Living in a city centre certainly has its benefits; the proximity to shopping, restaurants and a plethora of indoor activities. However, as a student, moving into the city was a major change for me. I found myself feeling somewhat cramped, claustrophobic and suffocated due to the constant noise, people, and cars surrounding me. To help battle the confined nature of the city, I made a conscious effort to explore the areas of Plymouth that were open, natural and green, which in turn helped me feel less stressed. So, to help those that want a bit of space away from the hustle and bustle that can often feel overwhelming, I have devised my list of top natural areas around Plymouth. Some require transport, but I have tried to advise on the easiest ways to access them.
To start, apologies to those who don’t have access to a car at University, but my absolute favourite place to visit when I need a breather is Dartmoor. It’s one of the main natural attractions Plymouth has to offer so I could not help but mention it! My top recommendations would be Cadover Bridge when it is hot (well warm for Plymouth), for a dip in the river Cad, or when it’s cooler, a walk following the river to Dewerstone and back (I’ll leave a link below!). Another great place to visit is Sheepstor if you enjoy a scramble. The vast, diverse landscape that Dartmoor has to offer never fails to give me the much-needed space from city life.
2. The Hoe
The hoe will *usually* become a staple of a Plymouth students’ life, (honestly, I’m shocked how many students I speak to that haven’t been to the hoe), due to its gorgeous view of Plymouth Sound. Not only does it boast open green spaces (where The Beatles visited in 1967!), but there are also spaces for disposable barbeques (and the appropriate bins too). The seafront is easily accessible from here and therefore deserves a spot on my list.
3. Mount Edgecumbe
This may be a little out there for some people as it takes a water ferry to get to, but Mount Edgecumbe is honestly a must to visit before leaving University. It’s accessible by taking the 34 Citybus to Admirals Hard, Stonehouse from Royal Parade. There is so much to see and do from Adventure Segway, visiting the orangery and the multiple trails around the country park. The Cremyll ferry is currently priced at £2 for an adult single.
Another National Trust site on the list is Saltram House and grounds. This is accessible via the same route as going to Plymbridge Woods, but the opposite side of the road past the flyover. The walk around the property is full of woodland and views of the estuary. Equally the grounds of the House are just as impressive.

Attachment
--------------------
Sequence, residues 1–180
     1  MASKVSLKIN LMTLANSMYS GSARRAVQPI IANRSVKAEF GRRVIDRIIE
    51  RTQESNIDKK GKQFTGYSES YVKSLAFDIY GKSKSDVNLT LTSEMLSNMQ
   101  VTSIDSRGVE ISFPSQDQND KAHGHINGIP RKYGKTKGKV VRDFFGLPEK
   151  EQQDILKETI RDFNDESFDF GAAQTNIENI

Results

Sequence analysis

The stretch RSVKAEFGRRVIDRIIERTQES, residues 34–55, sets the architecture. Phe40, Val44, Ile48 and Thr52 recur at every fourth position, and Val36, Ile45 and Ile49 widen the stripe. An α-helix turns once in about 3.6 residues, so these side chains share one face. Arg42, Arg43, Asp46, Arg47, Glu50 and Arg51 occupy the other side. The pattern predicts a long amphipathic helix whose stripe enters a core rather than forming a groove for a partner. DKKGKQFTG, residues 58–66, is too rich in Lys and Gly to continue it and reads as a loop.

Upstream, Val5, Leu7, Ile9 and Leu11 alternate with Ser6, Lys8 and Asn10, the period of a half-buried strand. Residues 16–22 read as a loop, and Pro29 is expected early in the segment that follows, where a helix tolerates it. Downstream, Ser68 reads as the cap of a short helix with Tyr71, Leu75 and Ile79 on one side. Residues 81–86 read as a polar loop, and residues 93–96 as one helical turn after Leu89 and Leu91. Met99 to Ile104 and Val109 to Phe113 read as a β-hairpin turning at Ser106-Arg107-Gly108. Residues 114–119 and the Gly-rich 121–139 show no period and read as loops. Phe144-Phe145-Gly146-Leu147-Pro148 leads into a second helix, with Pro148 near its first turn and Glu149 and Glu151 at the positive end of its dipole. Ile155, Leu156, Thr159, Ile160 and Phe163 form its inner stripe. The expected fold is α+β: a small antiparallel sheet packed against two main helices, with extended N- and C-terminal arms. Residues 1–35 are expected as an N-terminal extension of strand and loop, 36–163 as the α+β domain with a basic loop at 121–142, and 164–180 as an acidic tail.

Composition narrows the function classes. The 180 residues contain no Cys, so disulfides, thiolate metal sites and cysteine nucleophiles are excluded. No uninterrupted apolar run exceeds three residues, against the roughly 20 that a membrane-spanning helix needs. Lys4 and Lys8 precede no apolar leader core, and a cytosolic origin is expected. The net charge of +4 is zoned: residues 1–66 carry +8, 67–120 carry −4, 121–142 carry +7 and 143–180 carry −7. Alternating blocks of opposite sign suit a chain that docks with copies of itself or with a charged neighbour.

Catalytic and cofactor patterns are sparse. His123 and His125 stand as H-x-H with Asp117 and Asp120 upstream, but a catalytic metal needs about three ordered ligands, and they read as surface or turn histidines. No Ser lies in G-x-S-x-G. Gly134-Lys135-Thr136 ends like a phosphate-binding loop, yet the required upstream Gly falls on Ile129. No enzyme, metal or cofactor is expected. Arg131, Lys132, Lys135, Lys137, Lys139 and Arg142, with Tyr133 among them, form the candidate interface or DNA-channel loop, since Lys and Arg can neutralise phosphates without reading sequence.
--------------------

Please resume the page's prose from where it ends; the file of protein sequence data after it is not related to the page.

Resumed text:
5. Central Park
Just a 15-minute walk from the University is Central Park full of open green spaces and walking paths. There are also lots of outdoor activities to do such as pitch and putt, football & frisbee golf and a skate park.
6. National Marine Aquarium
I know, I know, this isn’t technically a ‘green space’, but for those that need somewhere closer to the city centre and is also more friendly to wheelchair access, the aquarium can be a great way to get that much needed shot of nature. It also allows for bad weather conditions, which Plymouth obviously has no short of. The student ticket costs £14.50, which is a year-long ticket so you can go as many times as you would like from the date of your first visit.
7. Bovisand Beach
As a new-coming student, I was promised endless days out to the sandy beaches with attending Plymouth, when the reality is very much there are beaches…they’re just shingle beaches. However, there are beaches nearby, they just take a bit of effort getting to (and trust me they’re completely worth it!). Again, if you have a car, then you’re sorted, but for those of us without that luxury, there is the option of taking the 54 bus from Royal Parade (A9) stop from as early as 10am. It only takes 25 minutes to get to Bovisand beach and a return is ~£3 for an Adult. Be cautious that this may be subject to change as the colder months come in. An alternative is Wembury beach on the 48 bus from stop A10, also at Royal Parade. This takes approximately 30 minutes and there is a 15 minutes’ walk to the beach from the bus stop and isn’t as sandy as Bovisand, but the coastal walk is gorgeous!